Money & Me
Hofstra University's Frank G. Zarb School of Business and the School of Education, Health and Human Services partners with Capital One Bank for this program designed to bring financial literacy into the classroom. Undergraduate and graduate Hofstra University students offer instruction to fourth graders about personal money management skills.
The interactive curriculum incorporates mathematics and ELA concepts, as well as practical applications, in every lesson. The curriculum consists of approximately 12 lessons, with one lesson presented each week.
The Money & Me program also offers parent workshops for participating districts. The goal of the parent workshops is to provide parents with information about integrating financial literacy habits into family life. Working with school administrators and parent leaders, two workshops will be offered at each school. Topics range from maintaining good credit to saving for education.
"This program is a great opportunity for our local fourth graders who might not otherwise learn the importance of financial literacy and money management. It also allows Hofstra undergraduate and graduate students to give back to the surrounding communities and show the elementary students the importance of a good education."
- Associate Dean of the Frank G. Zarb School of Business Gioia Bales
"Capital One Bank is proud to partner with Hofstra University to launch the Money & Me program for local youth on Long Island. At Capital One Bank, we believe that financial literacy and money management skills are crucial building blocks for economic success. We invest in financial literacy programs to set individuals of all ages on the path to a life of fiscal responsibility and economic self-reliance."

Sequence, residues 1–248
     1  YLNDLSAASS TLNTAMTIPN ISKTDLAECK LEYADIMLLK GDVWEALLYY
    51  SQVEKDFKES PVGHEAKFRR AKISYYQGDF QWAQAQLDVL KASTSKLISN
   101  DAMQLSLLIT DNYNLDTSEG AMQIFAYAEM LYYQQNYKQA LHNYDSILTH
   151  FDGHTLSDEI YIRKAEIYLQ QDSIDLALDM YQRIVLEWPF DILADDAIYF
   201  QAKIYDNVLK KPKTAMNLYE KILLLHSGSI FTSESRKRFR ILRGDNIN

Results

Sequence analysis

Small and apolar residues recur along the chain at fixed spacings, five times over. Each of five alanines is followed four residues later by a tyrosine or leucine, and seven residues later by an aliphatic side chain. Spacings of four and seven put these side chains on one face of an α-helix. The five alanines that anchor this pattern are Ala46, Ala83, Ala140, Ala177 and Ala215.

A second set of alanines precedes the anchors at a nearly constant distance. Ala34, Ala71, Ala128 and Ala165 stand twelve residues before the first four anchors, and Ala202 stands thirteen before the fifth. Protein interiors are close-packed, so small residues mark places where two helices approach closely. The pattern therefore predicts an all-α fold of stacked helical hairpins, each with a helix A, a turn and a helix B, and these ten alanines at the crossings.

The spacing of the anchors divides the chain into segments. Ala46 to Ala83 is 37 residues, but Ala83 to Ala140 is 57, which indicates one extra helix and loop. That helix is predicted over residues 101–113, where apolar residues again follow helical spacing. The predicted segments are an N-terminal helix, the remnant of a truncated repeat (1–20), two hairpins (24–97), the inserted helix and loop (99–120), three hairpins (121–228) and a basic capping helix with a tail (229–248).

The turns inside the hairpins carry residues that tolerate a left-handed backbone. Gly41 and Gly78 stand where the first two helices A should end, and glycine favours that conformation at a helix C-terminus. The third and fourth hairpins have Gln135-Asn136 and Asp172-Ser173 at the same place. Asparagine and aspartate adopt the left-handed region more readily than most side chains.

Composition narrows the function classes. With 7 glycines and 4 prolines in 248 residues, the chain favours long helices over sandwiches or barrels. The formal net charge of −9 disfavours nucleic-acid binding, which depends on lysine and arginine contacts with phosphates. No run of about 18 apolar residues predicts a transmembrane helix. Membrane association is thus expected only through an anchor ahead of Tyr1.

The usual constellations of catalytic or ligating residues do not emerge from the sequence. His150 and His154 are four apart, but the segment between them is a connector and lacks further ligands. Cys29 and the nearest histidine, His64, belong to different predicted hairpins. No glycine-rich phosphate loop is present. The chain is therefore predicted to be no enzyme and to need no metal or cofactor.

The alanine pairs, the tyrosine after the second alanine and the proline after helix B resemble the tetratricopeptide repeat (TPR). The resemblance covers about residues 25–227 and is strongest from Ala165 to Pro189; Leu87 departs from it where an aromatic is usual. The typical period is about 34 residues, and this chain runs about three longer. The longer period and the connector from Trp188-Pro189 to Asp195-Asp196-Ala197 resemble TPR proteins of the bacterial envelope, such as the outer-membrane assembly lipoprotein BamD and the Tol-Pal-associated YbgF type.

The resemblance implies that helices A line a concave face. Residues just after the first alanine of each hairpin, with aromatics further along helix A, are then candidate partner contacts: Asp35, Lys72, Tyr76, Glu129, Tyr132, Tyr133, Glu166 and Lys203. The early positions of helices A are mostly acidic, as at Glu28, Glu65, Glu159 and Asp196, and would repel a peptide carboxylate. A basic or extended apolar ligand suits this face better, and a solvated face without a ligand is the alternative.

- Market President, Nassau County, Capital One Andrew Corrado
Associate Dean and Professor of Finance
Frank G. Zarb School of Business
Associate Professor of Teaching, Literacy and Leadership
School of Education, Health and Human Services
Wants vs. Needs: Students learn to differentiate between wants and needs, discover how money is spent, and understand the consequences of poor spending habits.
Savings Accounts: Students gain an understanding of the differences between types of savings accounts, and develop the skills necessary to maintain accounts. The importance of saving and "Paying Yourself First" is stressed.
Sources of Income and Expenses: Students are introduced to the concept of earnings and how these funds are allocated to living expenses.
Budgets: Students learn how to create a budget, which carefully plans for future saving and spending.
Checking Accounts: Students develop the skills necessary to maintain checking accounts, including writing checks, reconciliation of checking accounts and using ATMs. The dangers of identity theft are also covered.
Credit and Debit Cards: Students learn about responsible use of credit and debit cards and the implications of poor practices. The benefits of establishing strong credit ratings are also discussed.
Virtual Savings Account
Each class has a virtual savings account. Throughout the program, the class earns "money", which is deposited into this account.
- These virtual savings accounts earn interest, reinforcing the benefits of savings versus spending.
- Two class bank tellers are appointed for each lesson. They are responsible for counting the money earned and depositing funds into the virtual savings account.
- The class will withdraw virtual money from their savings accounts to purchase program rewards.
Mathematics and ELA Classroom Connections
Classroom teachers are provided with activities after each lesson that include both mathematics and ELA concepts. These activities can be integrated into the classroom lessons to support connections to the common core standards.